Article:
Ofsted has published some tips for delivering effective remote learning. The list of tips has been written by Ofsted’s inspectorate research head, Daniel Muijs and draws on findings from interim visits. The tips also aim to debunk certain ‘unhelpful myths’ about what makes for effective remote learning, and sets out some helpful guidance.
What is remote learning?
Remote learning or remote education is a broad term that encompasses learning that happens outside of the classroom where the teacher is not directly present with the students.
So here is our short summary of the tips. The tips below are quoted directly from the ‘What’s working well in remote education’ report from Ofsted, below each tip I have put the advice into my own words adding further ideas and suggestions.
1. Remote education is a way of delivering the curriculum.
The advice states that remote education is a means of delivering the curriculum, and is broadly not different in terms of content. It states that having clarity around curricular goals is still important, and should be made clear to students.
It also says that remote education is not necessarily digital, for certain subjects and content, it may be more effective to deliver the lesson via text books or worksheets.
2. Keep it simple.
The advice says that we don’t need to make significant changes in the way that we teach, and we can use many of the same techniques to improve learning as we would do in the classroom.
It suggests that we think in terms of long term learning outcomes and make sure that students understand what they are moving towards. We could do this by showing students the goal they are working towards, and explaining how the lesson they are doing now helps move them towards that goal.
The advice also makes the point that it may be harder for students to concentrate while taking part in remote learning. So sessions could be divided into smaller chunks, followed by more frequent and regular review of the lessons.
3. When adapting the curriculum, focus on the basics.
The guidance says that when adapting curriculum for remote learning, focus on the most important concepts that students need to know. It also says to ensure that the lesson builds on students prior knowledge and understanding of the subject. The guidance also suggests finding creative ways that students can still do practical work, even from home.
4. Feedback, retrieval practice and assessments are more important than ever.
The guidance states that it may be more challenging to deliver immediate feedback to students through remote learning, but that it is still important.
It suggests the following ways to include immediate feedback through remote learning:
- Chatroom discussions,
- 1-to-1 interaction tools
- Interactive touch-screen questioning in live recorded lessons
- Adaptive learning software
The advice also suggests that students being able to speak to each other and interact can be motivating for students and can improve their learning outcomes. This could be done through video-linking functions or group chat.
It also suggests setting up automatic email check-ins. This could help students feel that they are in regular contact with their teacher.
5. The medium matters (A bit)
The report says that the quality of the teaching is more important than how it is delivered. It states that the medium matters most in terms of how students are accessing digital content. For example, they are able to concentrate more easily if they are using a laptop rather than a phone or tablet.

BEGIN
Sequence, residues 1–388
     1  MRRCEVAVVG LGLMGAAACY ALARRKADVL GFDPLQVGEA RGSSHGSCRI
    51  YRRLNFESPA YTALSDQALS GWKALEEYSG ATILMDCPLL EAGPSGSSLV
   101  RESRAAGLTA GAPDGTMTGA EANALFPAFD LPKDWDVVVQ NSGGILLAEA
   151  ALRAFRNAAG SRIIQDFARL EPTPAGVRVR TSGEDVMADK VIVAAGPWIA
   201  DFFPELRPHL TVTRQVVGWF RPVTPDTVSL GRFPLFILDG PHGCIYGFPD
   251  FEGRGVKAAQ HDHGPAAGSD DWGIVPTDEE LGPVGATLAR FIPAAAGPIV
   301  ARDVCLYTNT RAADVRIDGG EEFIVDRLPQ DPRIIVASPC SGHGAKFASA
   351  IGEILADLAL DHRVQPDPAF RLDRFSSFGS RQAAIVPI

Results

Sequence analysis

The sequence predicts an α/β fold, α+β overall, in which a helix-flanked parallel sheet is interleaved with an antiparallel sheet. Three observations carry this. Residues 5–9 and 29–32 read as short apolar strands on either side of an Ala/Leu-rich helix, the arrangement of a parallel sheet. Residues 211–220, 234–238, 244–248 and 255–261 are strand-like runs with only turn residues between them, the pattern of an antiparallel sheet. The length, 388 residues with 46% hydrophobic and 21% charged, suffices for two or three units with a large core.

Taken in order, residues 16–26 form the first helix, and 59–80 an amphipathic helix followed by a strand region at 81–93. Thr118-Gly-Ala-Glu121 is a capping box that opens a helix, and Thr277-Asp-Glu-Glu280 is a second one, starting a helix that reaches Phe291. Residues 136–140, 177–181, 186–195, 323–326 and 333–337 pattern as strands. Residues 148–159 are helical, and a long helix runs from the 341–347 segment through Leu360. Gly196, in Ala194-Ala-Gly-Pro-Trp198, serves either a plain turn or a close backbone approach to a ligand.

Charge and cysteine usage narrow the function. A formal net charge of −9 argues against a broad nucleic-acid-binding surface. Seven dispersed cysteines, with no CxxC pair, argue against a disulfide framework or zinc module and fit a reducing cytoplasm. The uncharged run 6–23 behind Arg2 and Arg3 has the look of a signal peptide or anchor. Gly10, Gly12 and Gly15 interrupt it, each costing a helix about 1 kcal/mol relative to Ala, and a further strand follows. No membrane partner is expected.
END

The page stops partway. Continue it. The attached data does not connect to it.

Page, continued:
The advice says that what kind of technology students have access to is an important consideration when delivering lessons digitally. The report makes the point to think carefully about where to host learning content. Hosting videos on YouTube can result in students being distracted by suggested content.
As an alternative, you could try Vimeo, as there is the option of turning off suggested videos.
6. Live lessons aren’t always best.
The advice says that while live lessons may make it easier for teachers to tailor the curriculum to the students more, they are not always the most effective approach to remote learning. It makes the point that integrating interaction in live lessons can be challenging, and that pre-recorded sessions followed by a later review of the content can be more effective.
The report says that ‘Using recorded lessons produced externally can allow you to easily draw on high-quality lessons taught by expert subject teachers.’
7. Engagement matters but it’s only the start.
The advice suggests working alongside parents in order to manage the challenges of remote learning. It also suggests the idea of building rewards into remote learning, to make the experience more ‘game like’ for students.
The advice acknowledges that students need to be engaged with the learning, but ensuring effective follow up and review is also important. The advice ends with mentioning that newsletters and whole school digital assemblies, can increase a sense of belonging and help them to feel part of a community.
To help schools deliver remote learning on internet safety, we have created two high quality pre-recorded ‘Press & Play Lessons. These interactive and engaging lessons are delivered by an internet safety expert and they include performances from actors, animations and engaging audio/visuals.
These online lessons are completely flexible giving teachers full control of when, where and how the lessons are accessed. The lessons can be streamed via Zoom or Microsoft Teams or they can easily be sent home for parents to use with their students. You can watch the lessons in action here.
- Ofsted, ‘What’s working well in remote education’ 11/01/21, https://www.gov.uk/government/publications/whats-working-well-in-remote-education/whats-working-well-in-remote-education